[BiO BB] Papers/techniques on early culling of Smith-Waterman operation?

Theodore H. Smith delete at elfdata.com
Thu Jun 15 19:01:29 EDT 2006

Hi people,

Do you know of any technique to end a Smith-Waterman operation early,  
by saying that if the operation cannot find a match of a certain  
desired minimum strength, then we won't do anymore? We'll end the  
operation early? We would at every row, check the "Best score we can  
possibly get based upon the current best score". If the "Best score  
we could possibly get" is below our desired score, we end the SW  

Or do you know of any papers on this subject? Or even can you think  
of good keywords for me to search with? Perhaps the way I'm  
describing it isn't the best way.

So, let's say you have a standard SW operation. You have a square  
Matrix, and you run from left to right across the matrix, line by  
line down the matrix. Let's say, the matrix has 90 rows, as we are  
trying to match a protein sequence of 90 letters.

Now, is there anyway, some way, by logical analysis or guesswork, to  
tell perhaps by the time we get to row 70, we know that we'll not be  
able to get any better score matches than the one we got, and thus  
cull the SW operation? So that we don't search through rows 71 to 90?  
The numbers 70 or 90 don't matter, as long as we can check at every  
row, whether the "best match score" gets better or not.

I have something like this for a global alignment producer, and it  
slices the time down to a small fraction!! Even though it only kills  
the last third or so, of the alignment, it still cuts down the time  
required down to less than 66%, perhaps even down to 20%.

Basically, I've spent a few months, as a hobby, putting my inventive  
capacity into making a SmithWaterman-based, BLAST-like searcher. I do  
things like this because I can, although I think this is probably the  
most complex thing I'll ever work on in my entire life.

My BLAST-like searcher, stores all of it's data in a tree (a "trie"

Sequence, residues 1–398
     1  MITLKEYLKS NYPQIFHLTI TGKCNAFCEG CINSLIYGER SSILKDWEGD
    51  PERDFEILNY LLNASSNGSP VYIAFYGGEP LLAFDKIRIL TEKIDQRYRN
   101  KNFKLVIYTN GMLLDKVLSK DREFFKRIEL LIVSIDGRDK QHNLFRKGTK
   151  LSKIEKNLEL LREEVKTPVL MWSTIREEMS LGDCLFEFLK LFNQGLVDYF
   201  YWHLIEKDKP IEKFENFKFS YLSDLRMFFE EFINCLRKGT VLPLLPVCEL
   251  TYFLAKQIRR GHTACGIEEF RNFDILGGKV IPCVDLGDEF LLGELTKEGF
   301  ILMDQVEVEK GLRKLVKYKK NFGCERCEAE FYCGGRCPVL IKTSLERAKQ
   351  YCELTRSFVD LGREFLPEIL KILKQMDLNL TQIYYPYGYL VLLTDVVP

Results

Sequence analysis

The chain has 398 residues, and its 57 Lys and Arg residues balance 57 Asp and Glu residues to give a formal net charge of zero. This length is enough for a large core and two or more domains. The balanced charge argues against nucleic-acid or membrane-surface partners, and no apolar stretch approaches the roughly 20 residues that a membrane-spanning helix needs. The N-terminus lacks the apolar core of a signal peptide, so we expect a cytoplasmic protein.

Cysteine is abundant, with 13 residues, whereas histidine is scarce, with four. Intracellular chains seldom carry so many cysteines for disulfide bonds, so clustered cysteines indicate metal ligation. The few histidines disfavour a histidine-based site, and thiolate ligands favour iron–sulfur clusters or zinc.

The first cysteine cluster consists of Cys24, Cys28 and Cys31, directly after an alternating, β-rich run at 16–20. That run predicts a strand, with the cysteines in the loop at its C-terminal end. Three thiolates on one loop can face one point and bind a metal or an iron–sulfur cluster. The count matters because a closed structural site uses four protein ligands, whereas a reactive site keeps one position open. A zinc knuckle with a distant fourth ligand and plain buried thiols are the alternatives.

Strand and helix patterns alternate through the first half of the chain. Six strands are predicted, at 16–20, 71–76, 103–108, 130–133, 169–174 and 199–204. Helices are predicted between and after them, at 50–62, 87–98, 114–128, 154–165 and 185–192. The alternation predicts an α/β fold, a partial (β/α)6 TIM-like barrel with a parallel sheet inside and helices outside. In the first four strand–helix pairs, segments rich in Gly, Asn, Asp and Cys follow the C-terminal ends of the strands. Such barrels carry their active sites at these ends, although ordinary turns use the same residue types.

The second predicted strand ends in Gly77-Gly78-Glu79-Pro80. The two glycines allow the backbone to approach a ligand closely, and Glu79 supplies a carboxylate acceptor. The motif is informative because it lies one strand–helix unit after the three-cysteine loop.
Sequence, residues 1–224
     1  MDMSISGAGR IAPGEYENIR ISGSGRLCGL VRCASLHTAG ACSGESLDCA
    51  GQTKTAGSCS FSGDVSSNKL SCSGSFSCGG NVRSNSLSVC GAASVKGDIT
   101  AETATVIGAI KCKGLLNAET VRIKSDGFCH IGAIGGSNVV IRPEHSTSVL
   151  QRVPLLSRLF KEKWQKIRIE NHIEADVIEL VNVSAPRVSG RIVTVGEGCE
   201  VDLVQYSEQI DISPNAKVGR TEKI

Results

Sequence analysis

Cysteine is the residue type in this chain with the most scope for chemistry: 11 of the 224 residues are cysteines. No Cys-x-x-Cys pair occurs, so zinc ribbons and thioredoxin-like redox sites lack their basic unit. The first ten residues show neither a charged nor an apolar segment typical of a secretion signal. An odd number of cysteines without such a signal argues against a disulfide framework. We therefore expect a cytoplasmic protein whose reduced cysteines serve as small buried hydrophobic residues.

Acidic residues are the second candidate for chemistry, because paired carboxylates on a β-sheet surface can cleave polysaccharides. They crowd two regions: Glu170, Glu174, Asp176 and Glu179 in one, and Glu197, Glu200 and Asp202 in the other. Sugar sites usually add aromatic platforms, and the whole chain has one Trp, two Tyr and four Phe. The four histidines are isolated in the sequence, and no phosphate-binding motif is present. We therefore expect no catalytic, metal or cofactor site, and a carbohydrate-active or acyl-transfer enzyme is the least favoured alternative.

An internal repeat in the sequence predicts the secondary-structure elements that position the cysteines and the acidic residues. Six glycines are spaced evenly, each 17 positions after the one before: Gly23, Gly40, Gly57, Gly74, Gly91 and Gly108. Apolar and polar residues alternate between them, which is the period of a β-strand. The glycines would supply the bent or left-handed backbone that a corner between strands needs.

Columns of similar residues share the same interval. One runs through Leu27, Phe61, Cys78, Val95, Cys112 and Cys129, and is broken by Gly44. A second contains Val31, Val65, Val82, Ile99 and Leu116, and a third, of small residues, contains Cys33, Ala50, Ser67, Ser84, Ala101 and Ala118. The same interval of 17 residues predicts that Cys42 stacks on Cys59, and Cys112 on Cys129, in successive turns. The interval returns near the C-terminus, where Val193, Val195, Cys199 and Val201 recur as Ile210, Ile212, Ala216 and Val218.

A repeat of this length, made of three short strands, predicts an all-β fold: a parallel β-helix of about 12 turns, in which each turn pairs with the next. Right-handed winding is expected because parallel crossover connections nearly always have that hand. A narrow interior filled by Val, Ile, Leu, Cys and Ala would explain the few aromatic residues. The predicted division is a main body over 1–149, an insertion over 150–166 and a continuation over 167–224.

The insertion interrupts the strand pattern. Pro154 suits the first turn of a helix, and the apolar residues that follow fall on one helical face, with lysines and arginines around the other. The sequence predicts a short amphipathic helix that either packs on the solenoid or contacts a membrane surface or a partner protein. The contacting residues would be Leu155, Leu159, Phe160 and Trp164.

actually). Protein sequences that are shared across many proteins,  
are stored in the root or earlier branches of the tree. So any work  
done on the early parts of the tree is reused across many many  
proteins. This is good, it saves CPU-time. Most of the work then, is  
done processing the leaves of the tree.

This is why the last few rows of the SW Matrix are so important,  
because most of the work is done there to process them! This is why I  
want to shave the last few rows off, when possible. But of course,  
the idea is to process the entire leaf, if the "best score match" is  
going to get better. For that reason some kind of quick hueristic  
predictive trick would be desired, so that we don't cull good leaves.

Any ideas anyone? This would mean so much to me if I can find a  
paper, or if anyone even knows what I am talking about and can give  
me some help.

If anyone doesn't know what I am talking about but feels like helping  
should you understand me, please let me know that I need to explain  
this in a different better way?

I've spent many months on this algorithm. I have a nearly identical  
algorithm that already works to do global alignmnents, it just  
doesn't do local alignments, and the global aligner is pretty quick  
actually. It's just the CPU-saving tricks I've done with global  
alignment, don't seem to cross over to local alignment, and I'm  
scratching my brain wondering if these past few months were a waste  
or not.

Because of this "loss of tricks" (that worked with global alignment)  
situation, I am asking for new tricks, here!

Thankfully, I was smart enough to do this work part-time, as a  
hobby :) I also have a proper normal job that doesn't rely on the  
success of proposed inventions to make me money. I decided it wasn't  
a good idea to starve myself just for an idea that might never  
produce anything worthwhile.

Help anyone! Thanks a lot :)


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